Strato’s Musa Puerilis
Strato, whose name this book bears, lived probably in the reign of Hadrian. It has generally been supposed that the whole book is an anthology of poems on this peculiar subject made by him, but it seems more probable to me that Strato published merely a collection of his own poems, and that it was Cephalas or some other Byzantine who inserted into it all the poems of this nature he found in the older Anthologies. The final epigram (No. 258), which was obviously placed by Strato at the end of his collection, certainly refers only to poems by Strato himself, and the same is true of the words prefixed to the book by Cephalas. He must have derived the statement, unless it is a mere excuse for the immorality of the poems, from some one who had personal knowledge of Strato. Again, among the poems by Meleager included are eight relating to women, six of them being on women whose names end in the diminutive form (Phanion, Callistion, Thermion, Timarion, Dorcion), which has evidently been mistaken for a masculine name. A more ludicrous blunder is the inclusion here of the pretty verses of Asclepiades (No. 50) addressed to himself. Strato himself could never have made such blunders, and they can only be attributed to a Byzantine. Of the poems thus inserted only a very few (12, 18, 24–28, 34, 35, 173) are from the Stephanus of Philippus, the remainder consisting of a large block of poems from Meleager’s Stephanus and a few isolated ones from the same source (14, 22, 23, 29–33, 36–172, 230, 256–7). The arrangement under motives is very marked in these. We cannot suppose that Meleager separated the love-poems relating to boys in his Stephanus from those relating to women, as the Stephanus was not arranged under subjects at all, and we must attribute both the selection and the arrangement under motives to the Byzantines.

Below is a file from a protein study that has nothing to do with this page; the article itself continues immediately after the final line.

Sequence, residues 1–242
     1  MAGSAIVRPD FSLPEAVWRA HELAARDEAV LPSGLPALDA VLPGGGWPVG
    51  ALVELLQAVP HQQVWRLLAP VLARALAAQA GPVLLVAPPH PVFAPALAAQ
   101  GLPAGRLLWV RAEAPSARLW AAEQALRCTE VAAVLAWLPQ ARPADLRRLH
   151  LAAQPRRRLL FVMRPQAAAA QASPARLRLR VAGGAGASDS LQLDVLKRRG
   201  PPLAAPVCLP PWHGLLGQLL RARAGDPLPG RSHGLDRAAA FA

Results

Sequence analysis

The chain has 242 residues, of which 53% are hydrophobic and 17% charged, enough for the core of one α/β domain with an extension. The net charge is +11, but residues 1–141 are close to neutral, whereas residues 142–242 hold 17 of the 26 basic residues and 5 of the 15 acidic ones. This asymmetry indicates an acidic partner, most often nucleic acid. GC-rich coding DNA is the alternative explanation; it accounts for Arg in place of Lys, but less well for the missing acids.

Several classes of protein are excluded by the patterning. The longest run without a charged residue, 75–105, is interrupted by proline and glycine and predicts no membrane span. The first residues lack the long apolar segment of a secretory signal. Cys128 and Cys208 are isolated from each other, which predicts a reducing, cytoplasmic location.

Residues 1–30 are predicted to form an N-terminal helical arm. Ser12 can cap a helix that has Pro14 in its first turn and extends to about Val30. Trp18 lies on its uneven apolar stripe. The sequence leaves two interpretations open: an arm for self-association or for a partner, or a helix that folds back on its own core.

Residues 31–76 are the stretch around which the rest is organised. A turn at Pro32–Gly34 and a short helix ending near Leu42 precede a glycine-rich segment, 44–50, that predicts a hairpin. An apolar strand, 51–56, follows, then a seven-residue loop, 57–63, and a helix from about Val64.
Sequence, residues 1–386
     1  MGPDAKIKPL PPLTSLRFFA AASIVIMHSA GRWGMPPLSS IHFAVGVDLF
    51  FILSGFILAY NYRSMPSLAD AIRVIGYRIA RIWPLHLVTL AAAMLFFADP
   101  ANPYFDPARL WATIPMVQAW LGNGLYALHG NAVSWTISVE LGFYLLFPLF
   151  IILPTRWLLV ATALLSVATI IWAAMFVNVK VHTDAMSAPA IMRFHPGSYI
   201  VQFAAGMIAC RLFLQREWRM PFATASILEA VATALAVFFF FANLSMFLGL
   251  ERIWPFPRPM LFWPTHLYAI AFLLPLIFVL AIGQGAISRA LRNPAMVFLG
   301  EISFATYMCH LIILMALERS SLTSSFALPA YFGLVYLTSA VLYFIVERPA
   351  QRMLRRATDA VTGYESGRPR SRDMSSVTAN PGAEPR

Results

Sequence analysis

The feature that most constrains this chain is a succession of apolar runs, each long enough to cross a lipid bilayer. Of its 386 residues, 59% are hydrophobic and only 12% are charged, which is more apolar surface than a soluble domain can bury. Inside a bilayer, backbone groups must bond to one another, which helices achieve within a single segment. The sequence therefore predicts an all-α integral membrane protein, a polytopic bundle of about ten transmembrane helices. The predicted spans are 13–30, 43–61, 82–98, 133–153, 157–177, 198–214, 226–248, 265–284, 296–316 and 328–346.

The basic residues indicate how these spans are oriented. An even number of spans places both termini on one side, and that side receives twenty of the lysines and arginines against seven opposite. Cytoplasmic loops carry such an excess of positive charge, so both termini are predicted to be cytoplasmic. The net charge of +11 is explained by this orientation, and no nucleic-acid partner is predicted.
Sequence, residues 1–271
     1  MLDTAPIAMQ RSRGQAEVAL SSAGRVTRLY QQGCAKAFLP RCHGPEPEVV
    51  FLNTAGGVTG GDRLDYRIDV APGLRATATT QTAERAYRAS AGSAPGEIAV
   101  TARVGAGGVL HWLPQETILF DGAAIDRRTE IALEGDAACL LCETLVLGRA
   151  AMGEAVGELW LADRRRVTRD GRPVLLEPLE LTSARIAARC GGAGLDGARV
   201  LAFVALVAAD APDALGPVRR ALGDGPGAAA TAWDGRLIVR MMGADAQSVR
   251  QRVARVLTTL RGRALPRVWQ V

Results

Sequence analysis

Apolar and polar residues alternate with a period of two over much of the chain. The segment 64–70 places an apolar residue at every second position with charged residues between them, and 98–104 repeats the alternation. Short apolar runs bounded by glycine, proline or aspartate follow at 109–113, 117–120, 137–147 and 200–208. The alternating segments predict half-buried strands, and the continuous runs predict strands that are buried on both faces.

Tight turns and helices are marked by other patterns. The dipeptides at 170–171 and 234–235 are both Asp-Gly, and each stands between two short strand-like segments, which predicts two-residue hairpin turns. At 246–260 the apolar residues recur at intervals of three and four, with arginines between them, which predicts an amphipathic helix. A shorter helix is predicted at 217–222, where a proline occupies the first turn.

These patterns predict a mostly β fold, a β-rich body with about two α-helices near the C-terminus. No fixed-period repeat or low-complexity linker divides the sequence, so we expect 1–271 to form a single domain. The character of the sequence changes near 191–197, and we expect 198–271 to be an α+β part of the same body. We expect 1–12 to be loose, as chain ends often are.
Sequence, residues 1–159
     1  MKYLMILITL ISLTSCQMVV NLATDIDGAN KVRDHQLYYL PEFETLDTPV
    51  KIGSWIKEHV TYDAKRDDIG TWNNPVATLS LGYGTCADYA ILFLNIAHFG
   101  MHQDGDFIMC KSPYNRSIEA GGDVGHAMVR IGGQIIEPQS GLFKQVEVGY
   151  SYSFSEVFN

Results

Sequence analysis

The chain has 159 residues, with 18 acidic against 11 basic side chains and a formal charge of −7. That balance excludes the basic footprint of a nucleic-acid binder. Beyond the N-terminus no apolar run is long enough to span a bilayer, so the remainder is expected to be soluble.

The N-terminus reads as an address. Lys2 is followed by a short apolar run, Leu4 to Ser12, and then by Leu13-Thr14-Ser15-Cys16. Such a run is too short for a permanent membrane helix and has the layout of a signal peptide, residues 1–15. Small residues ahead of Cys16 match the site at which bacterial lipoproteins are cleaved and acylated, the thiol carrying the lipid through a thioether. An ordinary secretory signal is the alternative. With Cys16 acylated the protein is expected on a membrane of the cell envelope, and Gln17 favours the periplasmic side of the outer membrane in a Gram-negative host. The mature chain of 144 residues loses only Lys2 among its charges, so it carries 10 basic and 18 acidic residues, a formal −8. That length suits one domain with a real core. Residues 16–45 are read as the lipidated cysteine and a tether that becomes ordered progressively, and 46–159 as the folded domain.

These homosexual attachments were a notable feature of Greek and Roman life and were spoken of frankly, since
they were not then regarded as disgraceful, being indeed rather fashionable. Readers must take this into consideration, and especially in estimating Meleager, so much of whose personal work is comprised in this book. It is noteworthy that among the most beautiful of his poems are just some of those I have mentioned addressed to girls and included by mistake here. In the rest, if I err not, we miss the distinguishing note of passion, which his other love-poems so often have. The elements of his imagery of love are all here—Love and His mother, burning arrows and stormy seas—but somewhat devoid of soul and at times disfigured by a coarseness foreign to his gentle spirit. These attachments were in his case rather a matter of fashion than of passion.1
Strato himself is frankly homosexual. He writes good and at times pretty verse, but he is, as a rule, quite terre à terre and sometimes very gross.